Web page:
On July 1 the tragic Allied off ensive began near the Somme River. On the first day the British suffered eighty thousand casualties, including twenty thousand dead. Although Churchill was an admirer and friend of the British commander, Sir Douglas Haig, he was sickened and revolted by the carnage. Later he compared Haig to a competent and confident, but distanced, surgeon who would not reproach himself if the patient died.
When Lloyd George was appointed to the War Office to replace the deceased Lord Kitchener, Churchill thought he might be brought back into the Government as Minister of Munitions but the position went to Edwin Montagu. Churchill’s disappointment was great but he had to reconcile himself to the implacable bitterness towards him exhibited by leading Tories. Lord Derby told Lloyd George that any party formed after the war must exclude Winston. “Our Party will not work with him … he is absolutely untrustworthy as was his father before him and he has got to learn that just as his father had to disappear from politics so must he, or at all events from official life.”
Churchill’s anguish appears in letters he wrote to Archie Sinclair:
“I do not want office, but only war direction . . I am profoundly unsettled: & cannot use my gift” and to his brother Jack: “Is it not damnable that I should be denied all real scope to serve this country, in this tremendous hour? … I writhe hourly not to be able to get my teeth effectively into the Boche… Jack my dear I am learning to hate.” He was greatly frustrated to think that if he had not gone to the front but “had stayed Chancellor of the Duchy and shut my mouth and drawn my salary, I should today be one of the principal personages in direction of affairs.”
Churchill believed that his reinstatement depended upon his vindication in the Dardanelles inquiry. To that end he requested the appropriate minutes of the War Council because they would show that Asquith, Grey, Kitchener and Balfour and others had supported the plan, but Asquith refused to let him have them. Even the establishment of the Royal Commission of Inquiry into the Dardanelles did not satisfy him.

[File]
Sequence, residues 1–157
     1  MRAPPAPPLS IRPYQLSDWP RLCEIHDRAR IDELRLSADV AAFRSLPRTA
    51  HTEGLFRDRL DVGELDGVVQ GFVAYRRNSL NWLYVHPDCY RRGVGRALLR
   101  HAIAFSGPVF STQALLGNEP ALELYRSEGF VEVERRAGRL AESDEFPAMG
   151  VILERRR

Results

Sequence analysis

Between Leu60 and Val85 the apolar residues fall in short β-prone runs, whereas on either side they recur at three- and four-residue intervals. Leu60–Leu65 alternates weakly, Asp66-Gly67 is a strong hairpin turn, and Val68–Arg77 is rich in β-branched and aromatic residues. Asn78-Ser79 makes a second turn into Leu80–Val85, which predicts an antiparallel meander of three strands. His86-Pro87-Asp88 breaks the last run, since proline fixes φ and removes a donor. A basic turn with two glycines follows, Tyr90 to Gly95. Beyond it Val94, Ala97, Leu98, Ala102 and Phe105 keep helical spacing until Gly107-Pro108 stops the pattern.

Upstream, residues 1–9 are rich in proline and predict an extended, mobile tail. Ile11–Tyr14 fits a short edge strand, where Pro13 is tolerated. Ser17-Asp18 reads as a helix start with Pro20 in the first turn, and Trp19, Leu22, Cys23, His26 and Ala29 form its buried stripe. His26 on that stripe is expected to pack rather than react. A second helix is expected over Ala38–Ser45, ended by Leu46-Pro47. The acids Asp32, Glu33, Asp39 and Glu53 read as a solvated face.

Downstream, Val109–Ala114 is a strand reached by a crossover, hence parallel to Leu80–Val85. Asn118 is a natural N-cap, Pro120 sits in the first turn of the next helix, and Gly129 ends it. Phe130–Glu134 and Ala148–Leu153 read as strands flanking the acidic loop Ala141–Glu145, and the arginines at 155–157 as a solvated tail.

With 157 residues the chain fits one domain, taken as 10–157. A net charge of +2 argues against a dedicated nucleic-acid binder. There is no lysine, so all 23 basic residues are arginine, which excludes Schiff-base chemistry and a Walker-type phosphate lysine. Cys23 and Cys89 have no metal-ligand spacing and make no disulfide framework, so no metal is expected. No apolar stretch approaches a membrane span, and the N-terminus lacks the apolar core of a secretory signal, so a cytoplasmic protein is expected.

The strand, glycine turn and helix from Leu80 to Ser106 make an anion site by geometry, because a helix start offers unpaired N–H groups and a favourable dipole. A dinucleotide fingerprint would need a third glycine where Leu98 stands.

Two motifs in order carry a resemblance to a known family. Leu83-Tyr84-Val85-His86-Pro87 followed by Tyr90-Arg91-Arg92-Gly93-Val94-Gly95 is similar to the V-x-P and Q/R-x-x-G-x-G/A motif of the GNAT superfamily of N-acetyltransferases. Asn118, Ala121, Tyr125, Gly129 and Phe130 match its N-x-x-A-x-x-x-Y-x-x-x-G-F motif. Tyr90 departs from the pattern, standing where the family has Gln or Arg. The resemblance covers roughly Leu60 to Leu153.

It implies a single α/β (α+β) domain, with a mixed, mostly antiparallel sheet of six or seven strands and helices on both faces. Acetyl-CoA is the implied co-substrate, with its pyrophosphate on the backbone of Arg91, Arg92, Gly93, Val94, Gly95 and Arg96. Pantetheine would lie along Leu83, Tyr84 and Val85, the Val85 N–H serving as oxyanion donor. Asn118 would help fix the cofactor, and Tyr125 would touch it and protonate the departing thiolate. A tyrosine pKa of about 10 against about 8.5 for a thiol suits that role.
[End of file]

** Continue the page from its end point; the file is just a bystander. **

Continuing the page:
The Commission began hearings on August 17. Churchill had hoped to be able to attend most of the sessions but was informed that they would be held in secret. Nevertheless he devoted most of his time to preparing his defense, but the terrain was slippery. Lord Kitchener was already entering the state of myth and his lack of competence could not be emphasized, nor would the military commissioners take kindly to criticisms of the officers at the front.
Churchill was not to return to the Government of Asquith who he called “supine, sodden and supreme,” but Asquith would not be supreme for longand Churchill’s fortunes would soon to be linked to those of Lloyd George.
Meanwhile he painted his canvasses and allowed himself to be painted by William Orpen. Many years later, John Colville wrote the following to Martin Gilbert about dining with Churchill in 1964:
“His memory had already faded and conversation was exceedingly difficult. During the first two or three courses at dinner I tried every subject in which I knew him to be interested, without success.”
Finally, over the savoury, I looked at the Orpen, which was hanging in the dining room behind his chair, and made the not very original remark that it was far and away the best portrait of him which had ever been painted. Suddenly his brain cleared. His voice became exactly as it had been years before. He replied, ‘I am glad you think so. I gave him eleven sittings, which is more than I have ever had time to give any other painter. It was in 1916, at a very unhappy time of my life when I had nothing whatever to do. Rothermere gave me the portrait, which was very generous of him, and almost my only occupation was to sit to the artist.’ His mind then clouded over again and we had no coherent conversation for the rest of the evening.”